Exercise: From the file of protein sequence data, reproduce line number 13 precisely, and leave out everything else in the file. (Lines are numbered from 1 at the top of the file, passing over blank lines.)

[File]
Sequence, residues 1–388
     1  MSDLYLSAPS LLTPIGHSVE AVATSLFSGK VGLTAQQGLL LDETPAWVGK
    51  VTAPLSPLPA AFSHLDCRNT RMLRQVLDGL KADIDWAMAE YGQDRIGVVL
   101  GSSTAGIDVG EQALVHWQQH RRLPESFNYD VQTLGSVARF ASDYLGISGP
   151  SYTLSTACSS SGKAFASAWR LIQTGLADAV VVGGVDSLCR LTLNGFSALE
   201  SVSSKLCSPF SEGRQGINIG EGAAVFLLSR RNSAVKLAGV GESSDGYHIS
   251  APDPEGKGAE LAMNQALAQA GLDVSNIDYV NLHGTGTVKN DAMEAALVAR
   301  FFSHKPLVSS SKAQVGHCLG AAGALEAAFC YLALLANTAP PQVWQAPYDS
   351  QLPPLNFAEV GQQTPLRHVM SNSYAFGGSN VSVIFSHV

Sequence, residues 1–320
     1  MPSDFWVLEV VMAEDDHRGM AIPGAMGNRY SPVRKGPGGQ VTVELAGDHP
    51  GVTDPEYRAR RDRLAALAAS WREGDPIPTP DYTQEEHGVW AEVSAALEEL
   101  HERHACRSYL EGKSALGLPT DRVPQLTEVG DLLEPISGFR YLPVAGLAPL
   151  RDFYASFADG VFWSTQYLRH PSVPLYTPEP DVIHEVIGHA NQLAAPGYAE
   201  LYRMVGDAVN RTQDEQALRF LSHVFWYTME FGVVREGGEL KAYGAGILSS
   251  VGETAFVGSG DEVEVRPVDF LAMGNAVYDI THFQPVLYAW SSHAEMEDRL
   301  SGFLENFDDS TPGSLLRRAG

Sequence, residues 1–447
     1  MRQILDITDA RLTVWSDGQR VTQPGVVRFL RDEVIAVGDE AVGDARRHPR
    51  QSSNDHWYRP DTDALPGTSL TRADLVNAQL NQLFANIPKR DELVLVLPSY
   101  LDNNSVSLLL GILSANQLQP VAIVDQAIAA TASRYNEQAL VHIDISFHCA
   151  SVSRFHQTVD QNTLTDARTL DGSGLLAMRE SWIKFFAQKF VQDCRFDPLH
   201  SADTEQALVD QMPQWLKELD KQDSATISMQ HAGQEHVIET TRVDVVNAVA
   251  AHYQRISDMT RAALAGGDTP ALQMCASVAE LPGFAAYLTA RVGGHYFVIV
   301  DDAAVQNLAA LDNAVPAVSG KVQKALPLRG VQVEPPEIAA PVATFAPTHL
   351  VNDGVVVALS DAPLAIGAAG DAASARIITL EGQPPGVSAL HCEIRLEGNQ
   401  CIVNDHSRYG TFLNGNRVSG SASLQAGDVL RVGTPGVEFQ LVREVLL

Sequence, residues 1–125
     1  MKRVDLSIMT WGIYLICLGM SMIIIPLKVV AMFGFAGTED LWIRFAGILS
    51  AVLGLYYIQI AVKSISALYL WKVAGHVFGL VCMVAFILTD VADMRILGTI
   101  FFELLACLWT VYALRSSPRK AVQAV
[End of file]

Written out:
   101  HERHACRSYL EGKSALGLPT DRVPQLTEVG DLLEPISGFR YLPVAGLAPL